(WMC-TV) – A church in east Tennessee is defying man's law to honor what they say is God's law.
Snake-handling. It is an ancient form of worship with a modern day twist.
The pastor of the Tabernacle Church of God in LaFollette is 20-year-old Andrew Hamblin.
"The lord said thou shalt take up serpents. If there was a law that came against this world that said, ‘You cannot praise God or read your Bible', there would still be somebody that would read their Bible," said Pastor Hamblin.
The church has about 30 full-time members.
"We're not up here throwing snakes across the church house and things like that," explained Pastor Hamblin. "I know the world thinks we're crazy. That's not what I want to share with the world, we're Christian people, we are part of the Pentecostal movement."
Hamblin grew up in a Pentecostal church that spoke in tongues but did not handle snakes. He saw a documentary on snake-handling and became interested when he was 17 years old.
He is now a full believer.
"You can take up serpents. A four, five-foot deadly rattlesnake, lay it in the palm of hand under the anointment of God and there'll be no harm come to you," said Hamblin.
Pastor Hamblin said you do not pick up a snake unless the spirit moves you.
"You don't set at home and say, ‘When I go to church, I'm gonna sing one song, I'm gonna pray for brother so-and-so. When I get finished praying for brother so-and-so, I'm gonna handle two rattlesnakes and a copperhead. I'm gonna put them up then I'm gonna shout a while and go home.' You don't do that. We're led by the spirit of God," explained Hamblin.
Hamblin, who has a wife and four children, has been bitten four times.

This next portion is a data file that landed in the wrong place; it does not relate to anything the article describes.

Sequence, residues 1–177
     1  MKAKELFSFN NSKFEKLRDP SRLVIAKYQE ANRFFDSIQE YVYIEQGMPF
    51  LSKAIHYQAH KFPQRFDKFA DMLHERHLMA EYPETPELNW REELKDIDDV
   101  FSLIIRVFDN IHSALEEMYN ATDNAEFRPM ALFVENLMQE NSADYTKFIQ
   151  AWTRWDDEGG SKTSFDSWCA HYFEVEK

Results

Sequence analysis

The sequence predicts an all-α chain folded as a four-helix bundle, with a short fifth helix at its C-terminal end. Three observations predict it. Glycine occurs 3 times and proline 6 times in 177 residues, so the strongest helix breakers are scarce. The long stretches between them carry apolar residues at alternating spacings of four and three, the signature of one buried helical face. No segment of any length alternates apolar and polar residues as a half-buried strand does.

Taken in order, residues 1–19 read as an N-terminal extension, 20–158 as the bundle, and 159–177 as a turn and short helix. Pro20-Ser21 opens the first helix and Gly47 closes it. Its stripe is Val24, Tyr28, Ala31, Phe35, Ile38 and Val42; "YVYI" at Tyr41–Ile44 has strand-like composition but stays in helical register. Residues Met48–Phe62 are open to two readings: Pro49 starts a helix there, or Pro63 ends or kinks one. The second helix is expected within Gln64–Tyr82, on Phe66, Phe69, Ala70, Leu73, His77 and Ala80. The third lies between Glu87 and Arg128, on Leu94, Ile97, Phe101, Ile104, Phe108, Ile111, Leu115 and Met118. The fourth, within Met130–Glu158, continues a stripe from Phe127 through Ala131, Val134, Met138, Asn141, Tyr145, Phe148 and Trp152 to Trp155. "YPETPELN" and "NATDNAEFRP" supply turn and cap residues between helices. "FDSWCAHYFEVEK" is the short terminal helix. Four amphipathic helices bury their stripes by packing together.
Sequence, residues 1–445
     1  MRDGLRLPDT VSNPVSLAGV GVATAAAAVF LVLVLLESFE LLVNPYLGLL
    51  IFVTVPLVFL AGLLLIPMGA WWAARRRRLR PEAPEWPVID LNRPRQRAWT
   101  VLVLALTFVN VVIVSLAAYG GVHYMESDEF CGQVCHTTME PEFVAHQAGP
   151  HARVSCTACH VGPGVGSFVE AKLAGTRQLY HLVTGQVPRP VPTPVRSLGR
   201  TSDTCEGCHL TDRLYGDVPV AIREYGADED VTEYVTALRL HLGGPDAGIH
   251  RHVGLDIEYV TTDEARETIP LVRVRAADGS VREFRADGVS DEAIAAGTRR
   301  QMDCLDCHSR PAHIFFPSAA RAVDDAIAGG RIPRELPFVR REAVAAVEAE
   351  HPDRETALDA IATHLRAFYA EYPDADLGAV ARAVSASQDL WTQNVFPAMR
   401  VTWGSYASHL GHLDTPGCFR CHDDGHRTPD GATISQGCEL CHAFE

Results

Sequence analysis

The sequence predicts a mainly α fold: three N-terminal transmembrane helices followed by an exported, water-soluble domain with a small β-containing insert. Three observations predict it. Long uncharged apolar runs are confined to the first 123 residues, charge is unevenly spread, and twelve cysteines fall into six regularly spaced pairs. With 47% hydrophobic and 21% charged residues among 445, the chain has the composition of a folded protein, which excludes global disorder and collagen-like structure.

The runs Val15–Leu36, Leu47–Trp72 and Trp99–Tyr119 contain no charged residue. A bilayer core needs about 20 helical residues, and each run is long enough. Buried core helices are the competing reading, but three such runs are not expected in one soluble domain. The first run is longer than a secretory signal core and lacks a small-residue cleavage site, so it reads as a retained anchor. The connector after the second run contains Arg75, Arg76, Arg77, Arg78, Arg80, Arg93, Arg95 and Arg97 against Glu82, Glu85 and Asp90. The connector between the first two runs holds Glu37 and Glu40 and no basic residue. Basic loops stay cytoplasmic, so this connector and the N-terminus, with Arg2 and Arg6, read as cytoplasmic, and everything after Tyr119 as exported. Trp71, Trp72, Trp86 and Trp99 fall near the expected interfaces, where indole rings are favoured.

"I've got a crippled finger to prove they're not de-fanged," he said.
Hamblin did almost die from one of those snakebites.
Over Memorial Day weekend, one of his mentors, Reverend Randy Wolford, was bitten by a rattlesnake and died the next day.
His father, who was also a preacher, died from a rattlesnake bite in the 1980s.
"The way he died, that was pre-appointed before the foundation of the world," said Hamblin. "What it means to me that, that just shows the ones that does believe in it this is not a game. This is not something you play with," he explained.
Hamblin and his fellow worshippers are part of a new generation of serpent-handling Christians.
They use Facebook to promote their kind of worship. Their worship is illegal because in Tennessee it is illegal to own venomous snakes. That law is something Hamblin is aware of.
"I don't never try to cause no trouble and the law around here, they wouldn't unless someone got bit and went to the hospital," said Pastor Hamblin.
At Hamblin's church, anyone under 18 years old is not allowed to handle the snakes. But other members do handle the snakes, even putting them close to their face.
During the service Action News 5's Janice Broach was invited to, some of the women wept, while others danced, shook tambourines, and spoke in tongues.
Hamblin says everyone is welcomed in his church.
"I'll welcome anybody and we'll treat ya good. We want to love everybody because that's what God is. God is love," he said.
Most snake-handling churches do not let the media inside. Pastor Hamblin said his congregation has nothing to hide.
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View exclusive photos ahead of Monday night's 'Snakes and Sinners' special report.
322 Shipyard Boulevard